Shooting in Clay County confrontation ruled justified under the Stand Your Ground law

A man who shot and killed another man during an argument in a fast-food drive-thru will not face criminal charges.  Prosecutors ruled, nearly a year after the New Year’s Day 2015 shooting, that the 29-year-old man was acting in self-defense, according to a report in the Florida Times-Union. He could have faced charges including murder or manslaughter, both of which could have sent him to state prison for decades. Instead, the man will not face any criminal charges.

Police said the 29-year-old man pulled into a drive-thru line and, when the car in front of him did not move, drove around that car, the newspaper reported. A passenger in the car yelled at the man as he drove past, which started a confrontation, and the second driver then pulled out a gun. When the passenger and the 29-year-old driver both got out of the cars, police said the passenger charged at the driver yelling “You want to die?” and the driver shot him one time in the chest, the newspaper reported. The driver called 911, drove home and cooperated with police.

In Florida, if someone is threatened with the use of deadly force, the person does not have the duty to retreat and can use deadly force to defend himself or herself. Many have sought protection under the so-called Stand Your Ground Law, but very few times is it granted by a judge. In this Clay County Gun Crimes Case, charges were never filed by prosecutors. The state investigated the case for several months and then ruled the shooting justified because of self-defense, citing the Stand Your Ground law, the newspaper reported.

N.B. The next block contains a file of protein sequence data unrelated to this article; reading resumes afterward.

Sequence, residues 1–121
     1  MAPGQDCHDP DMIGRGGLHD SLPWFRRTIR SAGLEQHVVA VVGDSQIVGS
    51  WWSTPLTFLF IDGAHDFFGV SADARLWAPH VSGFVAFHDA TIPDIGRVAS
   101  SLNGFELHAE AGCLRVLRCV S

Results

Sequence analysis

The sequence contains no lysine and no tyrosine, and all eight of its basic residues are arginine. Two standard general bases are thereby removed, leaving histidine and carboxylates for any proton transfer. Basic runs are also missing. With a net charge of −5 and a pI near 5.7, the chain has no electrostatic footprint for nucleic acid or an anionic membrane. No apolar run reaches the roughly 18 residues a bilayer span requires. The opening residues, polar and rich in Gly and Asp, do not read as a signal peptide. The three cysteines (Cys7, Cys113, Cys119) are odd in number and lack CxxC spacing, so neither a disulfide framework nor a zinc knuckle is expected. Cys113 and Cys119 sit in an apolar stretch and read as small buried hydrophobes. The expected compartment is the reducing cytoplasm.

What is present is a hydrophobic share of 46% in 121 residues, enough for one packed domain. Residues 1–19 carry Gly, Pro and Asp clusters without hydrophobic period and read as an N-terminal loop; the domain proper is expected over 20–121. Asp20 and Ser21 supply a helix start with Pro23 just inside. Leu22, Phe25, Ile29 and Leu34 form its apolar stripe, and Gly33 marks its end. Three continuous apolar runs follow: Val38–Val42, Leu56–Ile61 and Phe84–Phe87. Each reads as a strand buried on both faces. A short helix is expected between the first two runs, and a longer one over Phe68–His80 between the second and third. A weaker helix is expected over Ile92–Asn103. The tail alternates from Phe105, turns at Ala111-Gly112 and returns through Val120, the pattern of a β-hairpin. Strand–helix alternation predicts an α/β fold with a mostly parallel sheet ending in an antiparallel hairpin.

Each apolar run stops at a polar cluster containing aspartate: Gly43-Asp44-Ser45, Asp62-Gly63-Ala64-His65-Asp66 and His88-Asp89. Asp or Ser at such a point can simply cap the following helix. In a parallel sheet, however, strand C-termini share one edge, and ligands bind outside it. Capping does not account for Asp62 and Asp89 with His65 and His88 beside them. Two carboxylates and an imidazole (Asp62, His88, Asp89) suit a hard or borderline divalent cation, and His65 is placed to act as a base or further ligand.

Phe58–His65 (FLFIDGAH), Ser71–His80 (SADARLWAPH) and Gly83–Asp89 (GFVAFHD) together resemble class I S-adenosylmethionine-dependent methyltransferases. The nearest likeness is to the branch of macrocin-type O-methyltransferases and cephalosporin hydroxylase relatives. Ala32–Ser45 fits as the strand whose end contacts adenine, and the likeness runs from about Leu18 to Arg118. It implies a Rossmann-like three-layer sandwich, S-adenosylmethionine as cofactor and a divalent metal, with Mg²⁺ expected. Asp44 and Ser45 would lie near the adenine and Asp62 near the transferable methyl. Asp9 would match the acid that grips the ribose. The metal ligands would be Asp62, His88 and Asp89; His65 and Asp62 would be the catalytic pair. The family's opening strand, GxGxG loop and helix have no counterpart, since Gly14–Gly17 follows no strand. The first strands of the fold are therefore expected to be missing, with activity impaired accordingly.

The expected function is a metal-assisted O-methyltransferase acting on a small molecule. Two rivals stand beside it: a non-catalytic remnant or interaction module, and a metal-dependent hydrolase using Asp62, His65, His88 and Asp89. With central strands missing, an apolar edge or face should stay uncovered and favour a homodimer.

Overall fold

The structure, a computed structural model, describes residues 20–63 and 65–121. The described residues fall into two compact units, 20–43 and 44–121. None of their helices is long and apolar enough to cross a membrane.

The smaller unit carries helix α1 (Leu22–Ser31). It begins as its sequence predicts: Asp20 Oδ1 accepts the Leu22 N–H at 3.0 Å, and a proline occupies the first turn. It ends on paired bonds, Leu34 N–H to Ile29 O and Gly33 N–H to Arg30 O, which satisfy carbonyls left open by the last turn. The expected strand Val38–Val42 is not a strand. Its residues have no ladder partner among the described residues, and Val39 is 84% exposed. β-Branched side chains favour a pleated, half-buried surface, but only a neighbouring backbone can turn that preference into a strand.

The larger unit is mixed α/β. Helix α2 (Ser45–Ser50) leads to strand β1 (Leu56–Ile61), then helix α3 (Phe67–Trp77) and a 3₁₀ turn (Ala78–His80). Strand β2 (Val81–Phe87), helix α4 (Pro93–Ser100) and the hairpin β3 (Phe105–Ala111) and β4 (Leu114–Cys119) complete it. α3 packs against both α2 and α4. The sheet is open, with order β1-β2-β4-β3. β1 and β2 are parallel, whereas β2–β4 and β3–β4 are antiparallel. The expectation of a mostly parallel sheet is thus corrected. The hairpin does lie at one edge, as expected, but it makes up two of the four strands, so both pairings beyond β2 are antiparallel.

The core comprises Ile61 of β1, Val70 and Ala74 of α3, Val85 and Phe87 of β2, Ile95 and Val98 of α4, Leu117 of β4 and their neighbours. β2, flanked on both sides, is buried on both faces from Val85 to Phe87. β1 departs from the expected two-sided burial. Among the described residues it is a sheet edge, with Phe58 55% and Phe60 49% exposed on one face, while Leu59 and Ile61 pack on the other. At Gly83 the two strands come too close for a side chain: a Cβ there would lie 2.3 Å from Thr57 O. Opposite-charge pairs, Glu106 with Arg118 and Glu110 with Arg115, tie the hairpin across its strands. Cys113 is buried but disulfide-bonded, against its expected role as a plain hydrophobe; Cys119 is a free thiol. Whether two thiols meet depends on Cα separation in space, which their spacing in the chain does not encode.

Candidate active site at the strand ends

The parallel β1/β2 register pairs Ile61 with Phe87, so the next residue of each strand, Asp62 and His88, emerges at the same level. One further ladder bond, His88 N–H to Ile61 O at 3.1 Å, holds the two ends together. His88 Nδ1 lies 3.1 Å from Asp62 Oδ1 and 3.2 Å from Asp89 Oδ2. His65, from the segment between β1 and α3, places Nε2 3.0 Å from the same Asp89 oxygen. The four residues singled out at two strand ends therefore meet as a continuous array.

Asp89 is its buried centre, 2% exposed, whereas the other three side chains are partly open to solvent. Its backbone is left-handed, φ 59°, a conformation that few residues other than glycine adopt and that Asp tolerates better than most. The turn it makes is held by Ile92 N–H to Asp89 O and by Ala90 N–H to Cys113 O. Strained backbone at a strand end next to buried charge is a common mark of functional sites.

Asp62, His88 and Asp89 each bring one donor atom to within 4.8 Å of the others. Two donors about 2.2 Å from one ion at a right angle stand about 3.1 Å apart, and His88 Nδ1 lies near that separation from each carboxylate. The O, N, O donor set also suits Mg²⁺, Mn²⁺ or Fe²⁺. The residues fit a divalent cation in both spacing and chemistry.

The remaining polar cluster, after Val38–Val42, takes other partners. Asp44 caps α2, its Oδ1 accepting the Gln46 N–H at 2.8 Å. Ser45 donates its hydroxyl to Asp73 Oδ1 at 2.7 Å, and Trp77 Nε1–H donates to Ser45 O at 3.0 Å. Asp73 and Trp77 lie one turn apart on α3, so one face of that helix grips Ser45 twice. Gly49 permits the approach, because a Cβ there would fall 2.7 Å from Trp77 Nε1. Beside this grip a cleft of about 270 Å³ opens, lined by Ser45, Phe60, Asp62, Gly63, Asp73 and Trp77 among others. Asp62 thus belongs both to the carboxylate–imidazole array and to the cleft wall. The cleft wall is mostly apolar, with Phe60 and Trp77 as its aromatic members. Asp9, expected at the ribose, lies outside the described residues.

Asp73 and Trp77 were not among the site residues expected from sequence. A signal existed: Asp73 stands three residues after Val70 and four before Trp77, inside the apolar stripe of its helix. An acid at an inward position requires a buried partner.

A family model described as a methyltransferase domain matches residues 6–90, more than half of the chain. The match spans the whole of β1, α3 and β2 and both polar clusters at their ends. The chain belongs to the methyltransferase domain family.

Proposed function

Self-defense and Stand Your Ground Defenses can be difficult because the person who ultimately uses deadly force cannot be an aggressor, nor can he or she stay around the situation longer than necessary. If the person has an opportunity to exit the confrontation without using violence, but instead continues to be a part of the confrontation and it then turns deadly, he or she could have problems with a self-defense claim.  Our Clay County Gun Crimes Attorney knows the self-defense statutes inside and out and when a person is entitled by law to defend himself or herself. Our Clay County Criminal Defense Attorney will thoroughly investigate the case against you, even before charges are filed if there is an opportunity, and advise you on the best steps going forward.

If you or a loved one needs a criminal defense attorney in Jacksonville or the surrounding area, call The Mussallem Law Firm at (904) 365-5200 for a FREE CONSULTATION. Our Clay County Violent Crimes Attorney, Victoria “Tori” Mussallem, is available 24 hours a day, 7 days a week.